“Having a sore jaw and some bruises at that time in my relationship wasn’t that serious,” Heard said, later confirming that she did not photograph any of her injuries and never sought medical treatment. Instead, Heard photographed only specific items from the scene, rarely her injuries or the most damning evidence (such as a phone she claimed was smashed, or pillows she said had been bloodied) — a practice Depp’s lawyer referred to as “convenient” and continued to point to when discussing other abuse allegations.

After playing audio of a conversation between the former couple, in which Depp said that Heard had continued to pursue him after he separated himself into a bathroom during the Australia fight, Depp’s lawyer asked, “You weren’t scared of him at all, were you?”

“I have a mixed relationship with Johnny, one in which I’m scared, one in which I love him very much,” Heard said. “This is a man who tried to kill me. Of course, it’s scary.”

Vasquez then turned her attention to a series of letters Heard wrote Depp throughout their relationship in a shared journal between the two. Pointing to a “love letter” written two months after the Australia fight and shortly after Heard claimed that Depp had attempted to throw her sister down a flight of stairs, Heard wrote, “I have seen in you the true bones of friendship and respect. But of course, I still perhaps more than ever want to rip you apart, devour you and savor the taste.”

Heard testified that she wrote the letter during their relationship’s “honeymoon phase” after Depp had gotten sober. She also defended several other letters in which she apologized to the actor for her behavior. In one letter, she wrote, “I can get crazy. I’m sorry. I hurt you…I am so sorry for my part. None of this is meant to be an excuse for hurting you because the truth is nothing is there is never a reason good enough to hurt you.”

“I was always trying to fix [things]. I think it’s important in any relationship to apologize when you’re trying to move past fights,” Heard explained of the letters. “I tried everything … I couldn’t change my relationship.”

Depp’s lawyer also presented elevator footage of actor James Franco visiting the actress at her penthouse. The surveillance video was played to jurors in the courthouse, which showed the pair getting into an elevator together just ahead of 11 p.m. on May 22, 2018. Heard was asked if she knew Depp would be out of town when she invited Franco over. She denied knowing his schedule at the time.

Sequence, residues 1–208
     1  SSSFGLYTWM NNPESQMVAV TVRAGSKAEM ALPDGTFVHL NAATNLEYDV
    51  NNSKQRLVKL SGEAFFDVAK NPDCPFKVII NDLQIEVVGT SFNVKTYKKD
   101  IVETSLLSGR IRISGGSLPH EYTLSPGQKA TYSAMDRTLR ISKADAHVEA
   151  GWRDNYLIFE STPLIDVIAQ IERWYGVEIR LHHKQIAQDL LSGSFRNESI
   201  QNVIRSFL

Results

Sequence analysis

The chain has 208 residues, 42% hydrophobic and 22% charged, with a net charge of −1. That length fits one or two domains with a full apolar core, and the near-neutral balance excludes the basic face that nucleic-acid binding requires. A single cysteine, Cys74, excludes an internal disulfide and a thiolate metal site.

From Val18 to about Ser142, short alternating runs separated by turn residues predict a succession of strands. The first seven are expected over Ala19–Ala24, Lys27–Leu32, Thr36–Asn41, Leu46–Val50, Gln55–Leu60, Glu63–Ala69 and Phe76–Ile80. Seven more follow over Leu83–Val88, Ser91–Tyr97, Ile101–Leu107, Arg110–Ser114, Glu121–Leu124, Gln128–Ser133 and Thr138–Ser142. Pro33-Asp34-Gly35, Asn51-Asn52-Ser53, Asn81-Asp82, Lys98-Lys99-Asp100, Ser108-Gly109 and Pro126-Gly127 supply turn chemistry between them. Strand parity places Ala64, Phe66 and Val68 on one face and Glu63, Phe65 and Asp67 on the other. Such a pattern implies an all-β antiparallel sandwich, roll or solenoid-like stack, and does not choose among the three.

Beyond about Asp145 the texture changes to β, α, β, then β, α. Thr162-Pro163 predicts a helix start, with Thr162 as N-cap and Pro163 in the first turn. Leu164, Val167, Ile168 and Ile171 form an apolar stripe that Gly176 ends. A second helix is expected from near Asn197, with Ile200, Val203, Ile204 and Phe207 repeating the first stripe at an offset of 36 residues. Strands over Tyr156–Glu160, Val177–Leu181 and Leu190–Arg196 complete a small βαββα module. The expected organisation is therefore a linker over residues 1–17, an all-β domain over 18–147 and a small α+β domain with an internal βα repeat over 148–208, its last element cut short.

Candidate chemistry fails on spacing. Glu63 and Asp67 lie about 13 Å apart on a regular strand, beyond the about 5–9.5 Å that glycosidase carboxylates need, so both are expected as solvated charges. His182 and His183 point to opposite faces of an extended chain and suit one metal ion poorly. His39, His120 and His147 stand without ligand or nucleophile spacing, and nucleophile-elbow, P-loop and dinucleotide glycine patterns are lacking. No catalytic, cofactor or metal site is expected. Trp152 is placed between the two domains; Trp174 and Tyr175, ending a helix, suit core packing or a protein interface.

“[James] was my friend, and he lived next door. I had frankly exhausted my support network with my usual friends and was happy to welcome as much friendship at that time as I could possibly get,” Heard later explained.

Turning her attention to the 2018 Washington Post op-ed at the center of this case, Vasquez tried to push Heard into admitting that the article was about Depp. Instead, Heard said the article was about powerful men, sexual assault, and issues related to the #MeToo movement prevalent at the time — and not just about Depp.

“It is not about him,” she said. “It’s not about Johnny. It’s about what happened to me after [the relationship]…that was the more interesting thing for me to write about, at the time.”

She added: “I wrote this op-ed in the context of many men at the time that were public figures, or in the public, [and] had been accused as well, so it was a reference in general to a larger phenomenon, not just Johnny.”

Pointing to three specific statements made by Depp’s former lawyer Adam Waldman, on which Heard’s counterclaim is based, Vasquez said the actress had no way of linking the statements to negative impacts on her career. Heard disagreed, saying she was dropped from multiple ongoing projects, including the end of a L’Oréal contract, press obligations for The Stand, and a rewritten role in the Aquaman sequel.

“They couldn’t use me because of all of the online attention that the article generated,” she said. “There’s been an orchestrated smear campaign [against me]. Just look me up.”

When asked if she lost any jobs due to Waldman’s statements, Heard said: “It’s kind of hard to point to the jobs you’re not offered, to the gigs you don’t get.” And while she said she “fought” to keep her role in the upcoming Aquaman 2 film, she doesn’t know how much she’s “actually in the final cut.”

While Heard’s cross-examination took up most of the day in court, Heard’s team completed their redirect later in the afternoon — though Depp’s team objected to almost every question. Heard’s lawyer, Elaine Bredehoft, began by asking why the actress thought Depp had refused to look her in the eye throughout the trial.

“Because he’s guilty,” she said. “He knows he’s lying. Why can’t he look at me? I survived that man, and I’m here, and I’m able to look at him.”

Depp cracked a smile during Heard’s statement.

Closing arguments are expected to occur on May 27, with a verdict likely coming after Memorial Day weekend.